Jan 17, 2017
In Part Two of this file the writer and managing editor of Francis Ford Coppola’s award-winning magazine Zoetrope: All-Story, Manjula Martin, returns to the show this week to talk about her new book and “…the realities of making a living in the writing world.”
Manjula is the founder of the website Who Pays Writers?, an invaluable service dedicated to helping freelance writers anonymously share current publication rates and their experiences getting paid.
As managing editor of Zoetrope: All-Story magazine, a title that has won every major story award including the National Magazine Award for Fiction, Ms. Martin sees to the quarterly publication of a stable of prominent contemporary writers and artists.
In her first book, Scratch: Writers, Money, and the Art of Making a Living, the editor has collected interviews and “…essays from today’s most acclaimed authors–from Cheryl Strayed to Roxane Gay to Jennifer Weiner, Alexander Chee, Nick Hornby, and Jonathan Franzen…” on the intersection of writing and commerce.
The New Republic said of the writer, “Manjula Martin has done more than perhaps anyone else to shed light on the financial nitty-gritty of the writing profession.”
Her writing has also appeared in the Virginia Quarterly Review, Pacific Standard, Aeon Magazine, Hazlitt Magazine, The Awl, SF Weekly, The Rumpus, and many others.
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If you missed the first half you can find it right here.
In Part Two of this file Manjula Martin and I discuss:
Listen to The Writer Files: Writing, Productivity, Creativity, and Neuroscience below ...
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Kelton Reid: Welcome back to The Writer Files, I am your host Kelton Reid, here to take you on yet another tour of the habits, habitats, and brains of renowned writers. In part two of this file, the writer and managing editor of Francis Ford Coppola’s award-winning magazine Zoetrope: All-Story, Manjula Martin, returns to talk about the realities of making a living in the writing world.
Manjula is the founder of the website Who Pays Writers, an invaluable service dedicated helping freelance writers anonymously share current publication rates and their experiences getting paid. As managing editor of Zoetrope, a title that has won every major story award including the National Magazine Award for fiction, Ms. Martin sees to the quarterly publication of a stable of prominent contemporary writers and artists.
In her first book, Scratch: Writers, Money, and the Art of Making a Living, the editor has collected interviews and essays from today’s most acclaimed authors from Cheryl Strayed to Roxane Gay, Jennifer Weiner, Alexander Chi, Nick Hornby, Jonathan Franzen and many others, on the intersection of writing and commerce. The New Republic said of the writer, “Manjula has done more than perhaps anyone else to shed light on the financial nitty gritty of the writing profession.” Her writing has appeared in the Virginia Quarterly Review, Pacific Standard, Aeon magazine, Hazlet, the Awl, SF Weekly, the Rumpus, and many others.
In part two of this file, Manjula and I discuss productivity, irregular hours and the 400 hats of a working editor and writer, why finding your writing flow is so important when you have a day job, one great hack for beating writer’s block, how creativity resists definition and why writers need to share info about making a living.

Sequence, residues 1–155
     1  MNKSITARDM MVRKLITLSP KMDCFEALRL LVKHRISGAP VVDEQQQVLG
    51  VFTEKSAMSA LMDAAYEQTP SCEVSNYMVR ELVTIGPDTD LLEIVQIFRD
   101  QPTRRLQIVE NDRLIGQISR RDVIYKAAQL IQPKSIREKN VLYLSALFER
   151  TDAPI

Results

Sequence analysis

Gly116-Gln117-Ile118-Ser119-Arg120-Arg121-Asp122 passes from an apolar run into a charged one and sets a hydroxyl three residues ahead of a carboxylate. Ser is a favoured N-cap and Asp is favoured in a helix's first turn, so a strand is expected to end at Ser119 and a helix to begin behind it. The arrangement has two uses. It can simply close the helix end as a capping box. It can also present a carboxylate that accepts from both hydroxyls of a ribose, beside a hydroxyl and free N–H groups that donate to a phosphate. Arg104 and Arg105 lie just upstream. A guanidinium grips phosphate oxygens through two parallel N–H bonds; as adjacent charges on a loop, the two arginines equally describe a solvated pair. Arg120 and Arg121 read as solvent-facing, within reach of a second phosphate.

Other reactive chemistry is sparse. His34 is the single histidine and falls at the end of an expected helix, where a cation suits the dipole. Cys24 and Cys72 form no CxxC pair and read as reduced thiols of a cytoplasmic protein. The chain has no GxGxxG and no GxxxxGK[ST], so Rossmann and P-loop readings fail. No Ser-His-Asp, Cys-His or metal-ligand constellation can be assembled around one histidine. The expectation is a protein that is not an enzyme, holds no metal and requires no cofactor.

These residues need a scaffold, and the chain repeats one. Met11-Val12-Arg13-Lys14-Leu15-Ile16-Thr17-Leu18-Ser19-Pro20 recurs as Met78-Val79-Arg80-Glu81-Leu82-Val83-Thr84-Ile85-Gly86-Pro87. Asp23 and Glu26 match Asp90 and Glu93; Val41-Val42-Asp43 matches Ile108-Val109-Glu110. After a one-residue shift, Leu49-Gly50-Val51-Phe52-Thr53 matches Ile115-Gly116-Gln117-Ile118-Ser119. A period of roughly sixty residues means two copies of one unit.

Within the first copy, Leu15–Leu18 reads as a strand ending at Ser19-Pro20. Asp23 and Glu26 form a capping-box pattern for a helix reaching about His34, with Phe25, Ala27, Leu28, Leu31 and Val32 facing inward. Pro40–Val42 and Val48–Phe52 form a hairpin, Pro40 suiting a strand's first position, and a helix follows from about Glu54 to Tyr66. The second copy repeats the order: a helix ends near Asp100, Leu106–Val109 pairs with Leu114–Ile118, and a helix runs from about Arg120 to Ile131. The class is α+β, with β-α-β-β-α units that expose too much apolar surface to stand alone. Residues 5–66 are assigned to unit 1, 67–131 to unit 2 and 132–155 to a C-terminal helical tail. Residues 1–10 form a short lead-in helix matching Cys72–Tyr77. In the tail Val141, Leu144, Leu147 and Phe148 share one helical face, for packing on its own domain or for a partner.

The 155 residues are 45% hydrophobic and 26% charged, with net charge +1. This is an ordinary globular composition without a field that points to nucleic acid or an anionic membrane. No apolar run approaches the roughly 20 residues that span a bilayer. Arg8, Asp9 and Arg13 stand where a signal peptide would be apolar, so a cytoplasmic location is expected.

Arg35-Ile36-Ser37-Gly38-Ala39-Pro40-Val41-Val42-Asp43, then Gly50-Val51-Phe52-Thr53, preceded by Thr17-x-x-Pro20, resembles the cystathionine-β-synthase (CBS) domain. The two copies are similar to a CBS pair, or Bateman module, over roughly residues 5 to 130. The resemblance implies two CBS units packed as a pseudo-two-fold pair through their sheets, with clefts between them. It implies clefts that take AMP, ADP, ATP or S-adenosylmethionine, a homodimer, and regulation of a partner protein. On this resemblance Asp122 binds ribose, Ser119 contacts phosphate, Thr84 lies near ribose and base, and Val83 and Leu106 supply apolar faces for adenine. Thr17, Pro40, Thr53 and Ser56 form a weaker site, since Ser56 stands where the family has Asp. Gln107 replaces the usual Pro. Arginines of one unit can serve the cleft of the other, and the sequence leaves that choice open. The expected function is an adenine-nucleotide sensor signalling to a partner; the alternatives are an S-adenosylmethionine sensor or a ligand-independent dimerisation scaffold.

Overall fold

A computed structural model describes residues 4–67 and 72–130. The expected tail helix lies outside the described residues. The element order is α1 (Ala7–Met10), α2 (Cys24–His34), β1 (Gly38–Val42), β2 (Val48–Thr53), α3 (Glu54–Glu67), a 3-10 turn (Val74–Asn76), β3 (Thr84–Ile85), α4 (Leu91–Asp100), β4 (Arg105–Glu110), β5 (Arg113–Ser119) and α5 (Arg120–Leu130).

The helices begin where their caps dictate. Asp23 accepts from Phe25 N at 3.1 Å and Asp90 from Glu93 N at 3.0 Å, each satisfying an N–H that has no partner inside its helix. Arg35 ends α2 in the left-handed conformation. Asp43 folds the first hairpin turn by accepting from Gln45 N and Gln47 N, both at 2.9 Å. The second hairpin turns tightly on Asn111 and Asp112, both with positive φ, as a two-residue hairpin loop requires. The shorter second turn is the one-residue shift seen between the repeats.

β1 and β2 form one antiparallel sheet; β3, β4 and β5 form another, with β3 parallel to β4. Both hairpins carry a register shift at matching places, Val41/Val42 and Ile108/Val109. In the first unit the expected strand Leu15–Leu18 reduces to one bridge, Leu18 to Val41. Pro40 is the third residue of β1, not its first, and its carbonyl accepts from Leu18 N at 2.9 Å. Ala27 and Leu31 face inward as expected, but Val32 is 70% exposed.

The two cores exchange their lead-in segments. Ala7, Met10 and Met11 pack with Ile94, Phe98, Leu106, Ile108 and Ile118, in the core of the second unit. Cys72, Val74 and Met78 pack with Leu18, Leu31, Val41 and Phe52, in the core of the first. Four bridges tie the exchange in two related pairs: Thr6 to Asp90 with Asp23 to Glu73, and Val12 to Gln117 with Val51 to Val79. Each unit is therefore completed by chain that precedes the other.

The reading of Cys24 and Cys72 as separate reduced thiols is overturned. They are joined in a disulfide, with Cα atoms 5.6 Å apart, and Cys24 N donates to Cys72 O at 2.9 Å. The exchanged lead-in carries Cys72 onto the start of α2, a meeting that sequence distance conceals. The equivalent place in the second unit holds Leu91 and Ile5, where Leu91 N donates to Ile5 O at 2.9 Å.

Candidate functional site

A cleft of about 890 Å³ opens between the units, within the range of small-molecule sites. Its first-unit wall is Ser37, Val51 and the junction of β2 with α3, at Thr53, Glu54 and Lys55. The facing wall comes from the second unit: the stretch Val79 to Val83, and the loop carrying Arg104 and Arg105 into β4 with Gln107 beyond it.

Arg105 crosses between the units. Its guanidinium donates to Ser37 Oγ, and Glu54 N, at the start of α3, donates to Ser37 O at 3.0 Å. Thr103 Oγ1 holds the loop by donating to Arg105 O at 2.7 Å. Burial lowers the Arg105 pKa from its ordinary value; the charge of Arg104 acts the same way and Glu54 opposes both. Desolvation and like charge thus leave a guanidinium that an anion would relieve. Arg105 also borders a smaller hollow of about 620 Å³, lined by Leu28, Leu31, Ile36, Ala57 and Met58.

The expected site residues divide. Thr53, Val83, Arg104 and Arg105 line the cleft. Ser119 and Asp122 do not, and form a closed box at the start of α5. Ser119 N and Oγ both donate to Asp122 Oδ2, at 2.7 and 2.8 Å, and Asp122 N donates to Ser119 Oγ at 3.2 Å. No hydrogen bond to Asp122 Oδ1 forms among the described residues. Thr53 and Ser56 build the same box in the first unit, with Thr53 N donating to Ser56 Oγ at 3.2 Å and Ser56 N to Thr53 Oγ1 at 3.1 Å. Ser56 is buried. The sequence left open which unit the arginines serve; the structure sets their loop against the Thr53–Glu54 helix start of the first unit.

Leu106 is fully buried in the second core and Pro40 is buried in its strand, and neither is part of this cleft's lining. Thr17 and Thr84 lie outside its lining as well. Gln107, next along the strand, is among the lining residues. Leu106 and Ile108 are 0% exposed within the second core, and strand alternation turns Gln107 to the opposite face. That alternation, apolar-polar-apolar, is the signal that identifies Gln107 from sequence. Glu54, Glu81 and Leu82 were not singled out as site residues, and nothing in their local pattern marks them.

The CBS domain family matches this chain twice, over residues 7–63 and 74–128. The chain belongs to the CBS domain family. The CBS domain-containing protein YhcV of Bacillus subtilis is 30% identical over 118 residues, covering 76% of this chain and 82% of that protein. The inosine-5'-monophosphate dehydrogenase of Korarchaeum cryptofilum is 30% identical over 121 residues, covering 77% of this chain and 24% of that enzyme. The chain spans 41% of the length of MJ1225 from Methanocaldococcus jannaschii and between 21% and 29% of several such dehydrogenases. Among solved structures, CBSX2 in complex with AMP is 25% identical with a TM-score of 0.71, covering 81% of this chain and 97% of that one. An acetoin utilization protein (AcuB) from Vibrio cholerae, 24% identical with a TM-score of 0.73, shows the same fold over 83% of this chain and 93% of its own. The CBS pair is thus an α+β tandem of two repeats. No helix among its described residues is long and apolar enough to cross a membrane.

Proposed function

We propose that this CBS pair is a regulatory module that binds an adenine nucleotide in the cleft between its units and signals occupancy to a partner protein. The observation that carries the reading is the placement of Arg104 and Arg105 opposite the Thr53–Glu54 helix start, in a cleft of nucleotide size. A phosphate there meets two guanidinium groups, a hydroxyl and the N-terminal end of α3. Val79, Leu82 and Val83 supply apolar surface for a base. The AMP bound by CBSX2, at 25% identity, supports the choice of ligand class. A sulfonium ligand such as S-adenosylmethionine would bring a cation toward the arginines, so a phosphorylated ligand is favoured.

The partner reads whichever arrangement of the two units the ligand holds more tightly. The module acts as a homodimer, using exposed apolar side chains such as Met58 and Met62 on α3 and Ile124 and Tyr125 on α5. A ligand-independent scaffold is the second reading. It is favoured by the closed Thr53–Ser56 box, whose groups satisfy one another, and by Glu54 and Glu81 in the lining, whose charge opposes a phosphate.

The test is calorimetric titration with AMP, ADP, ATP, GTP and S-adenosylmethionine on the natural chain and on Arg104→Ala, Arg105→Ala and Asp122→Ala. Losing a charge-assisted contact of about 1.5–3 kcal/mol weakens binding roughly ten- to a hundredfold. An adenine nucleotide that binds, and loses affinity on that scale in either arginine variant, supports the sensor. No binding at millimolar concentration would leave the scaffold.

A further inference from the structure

If you’re a fan of The Writer Files, please click subscribe to automatically see new interviews as soon as they’re published. If you missed the first half of this show, you can find it in the archives on iTunes, on WriterFiles.FM, and in the show notes.
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Kelton Reid: I’d love to dig into your productivity. You wear a lot of hats, clearly, with all of the different projects you’re doing and do on a daily basis for your day job. Let’s talk about what does your day usually look like? How much time are you doing research? How much time are you actually sitting and clacking away?
Manjula Martin: Yeah. I work 40 to 60 hours a week at my job. It varies depending on where we are in the production cycle. My day is busy. I am reading and researching in some form or another most of the day. In terms of whether I’m reading or researching for my own writing work, it’s a much smaller amount of the day. I read for pleasure, usually at night before bed. I’ll tell you right now I am sitting in my gym clothes because I just came from the gym. I’m in my living room because I am working from home today. I got up this morning at 7:00 and I sent a bunch of emails and corresponded with my layout designer and my co-editor and then also did a bunch of emails for the promotion of the Scratch book, and then I ran to the gym and worked out and then I ran home and ate some toast and got on the phone with you.
I’m not sitting here writing beautiful prose all morning on my typewriter. I do a lot of email, and for me productivity, it’s all about figuring out a way to just find time to carve out that space to do my own writing. One thing I think that I have learned is that unfortunately, at this moment in my career, there isn’t a regular schedule to that. Because I work for a publication, the busyness of it ebbs and flows, we’re quarterly. There’s one month where things are ****ing crazy, we’re in production, and then right after we publish the magazine it’s a little bit mellower and I’m doing more dealing with circulation, and that sort of thing. I should add here that the entire staff of Zoetrope is two people.
Kelton Reid: Holy cow.